The long-term benefit to the taxpayer of access to counselling in all schools is eight times the cost of the investment, a first-of-its-kind report has revealed.

The figure rises to a 10-fold return on investment for counselling for primary school-age children, the report added.

The research, carried out by policy and economics consultancy Public First on behalf of the us and Citizens UK, is the first-ever report to look at the financial return on funding access to therapy in both primary and secondary schools.

Earlier intervention has greater impact

It concluded that earlier intervention has a greater impact on children’s lives – leading to more positive long-term consequences for the country’s finances.

The report highlights a range of economic and societal benefits of funding counselling for children and young people who need it in primaries, secondaries and further education colleges.

These included: improved job prospects and higher wages, reductions in referrals to NHS children’s mental health services, and declines in truancy, exclusions and youth crime. This would mean savings to government from less money spent on public services, reduced pressures on the NHS and a lower welfare bill. Improved job prospects would also lead to a fiscal dividend for government in the form of higher tax revenues.

Positive impacts for children

These are on top of the positive impacts on the children themselves, including a drop in psychological distress, reduced mental illness in adulthood and improved educational attainment.

England is the only country in the UK not to have government-funded school counselling.

A survey of teachers in England showed just 48% said their schools offered on-site counselling in 2020. Yet, a fifth of eight to 16-year-olds have a probable mental health condition, according to the latest NHS Digital data.

There are fears that children struggling with their mental health are missing out on vital support, as they don’t reach the threshold for ‘higher intensity’ NHS services or they are referred but never receive treatment.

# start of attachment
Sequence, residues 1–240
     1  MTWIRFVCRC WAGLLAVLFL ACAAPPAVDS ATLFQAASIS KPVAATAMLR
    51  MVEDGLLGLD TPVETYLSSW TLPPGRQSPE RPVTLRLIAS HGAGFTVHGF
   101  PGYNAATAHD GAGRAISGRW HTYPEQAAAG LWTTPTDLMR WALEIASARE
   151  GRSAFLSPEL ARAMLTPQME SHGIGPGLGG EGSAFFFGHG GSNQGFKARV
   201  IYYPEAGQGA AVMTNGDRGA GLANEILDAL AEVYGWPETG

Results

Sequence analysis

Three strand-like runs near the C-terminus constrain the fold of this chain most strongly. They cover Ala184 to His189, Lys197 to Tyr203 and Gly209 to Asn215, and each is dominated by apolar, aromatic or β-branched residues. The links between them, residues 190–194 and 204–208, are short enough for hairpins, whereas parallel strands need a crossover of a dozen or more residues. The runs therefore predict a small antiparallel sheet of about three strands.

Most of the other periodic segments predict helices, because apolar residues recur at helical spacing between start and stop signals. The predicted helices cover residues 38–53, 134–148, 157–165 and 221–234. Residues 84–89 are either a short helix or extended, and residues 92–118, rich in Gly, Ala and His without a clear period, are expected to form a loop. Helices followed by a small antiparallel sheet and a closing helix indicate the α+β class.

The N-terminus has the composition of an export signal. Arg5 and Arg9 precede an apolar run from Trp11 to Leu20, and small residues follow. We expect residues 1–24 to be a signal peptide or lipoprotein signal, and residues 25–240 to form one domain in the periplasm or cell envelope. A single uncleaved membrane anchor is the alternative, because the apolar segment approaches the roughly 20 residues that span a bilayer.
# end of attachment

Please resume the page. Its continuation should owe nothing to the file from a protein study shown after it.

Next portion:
The report said that more than 730,000 children could have benefited from school counselling if it was offered through all schools in England in 2024.

It added that investment in school counselling would pay for itself within the space of two Parliaments. And that universal access to school counselling in England would generate lifetime financial benefits to the government of £1.9 billion, against a cost of about £250 million.

Dr Lisa Morrison Coulthard, our Director of Policy, Professional Standards and Research, said:

“This report gives a powerful economic case for investment in crucial early intervention counselling in all schools and further education colleges. It confirms how counselling not only transforms children and young peoples’ lives but also has a positive long-term impact on wider society and the economy.

“Counselling provides a safe space for pupils to be heard, to address their concerns, develop coping mechanisms and build resilience. The sooner children can access counselling, the greater the difference it makes.

“The next Government must deliver universal early-help counselling interventions across all England’s primary schools, secondary schools, further education colleges and sixth forms.”

The Revd Dr Simon Mason, of Citizens UK, said:

“Children and young people deserve the best education we can provide. That is why the worsening mental health of children and young people needs tackling proactively, even as early as primary school with qualified counsellors trained to work with children and young people.”

Pepe Di’Iasio, General Secretary of the Association of School and College Leaders (ASCL), said:

“Schools and children would benefit hugely from universal access to a highly-skilled counselling workforce. Government underfunding of education means many schools can no longer afford to provide counselling services. This study suggests that access may have almost halved since 2010. In that time the number of children suffering with mental health problems has soared. Policymakers must show a greater sense of urgency in addressing this crisis.”

The report includes comments from young people talking about how school counselling has made a difference in their lives.

Phoebe*, a year 11 student in Tyne and Wear, said:

“When I was 14 years old and in year nine my school attendance was 26%. I had no reason or wish to be in school. I didn’t feel as though I had any purpose. I was then referred to the school counsellor who became a massive incentive for me to come to school. Now I’m 16 years old and in Year 11 doing my GCSEs. I have high goals and ambitions for myself, including becoming a barrister.”

Millie*, a year five pupil from Leicester, said:

“If I didn’t have a counsellor, I would be lost. I used to have many panic attacks. I felt shaky, and used to constantly fidget and sweat. My counsellor has helped me with my anxiety, I can count to 10 to calm myself down. Now, things are different. My dad took me rock climbing. I was very nervous and scared. But I did it. I conquered my fear, and I’m proud of myself.”

* Names have been changed.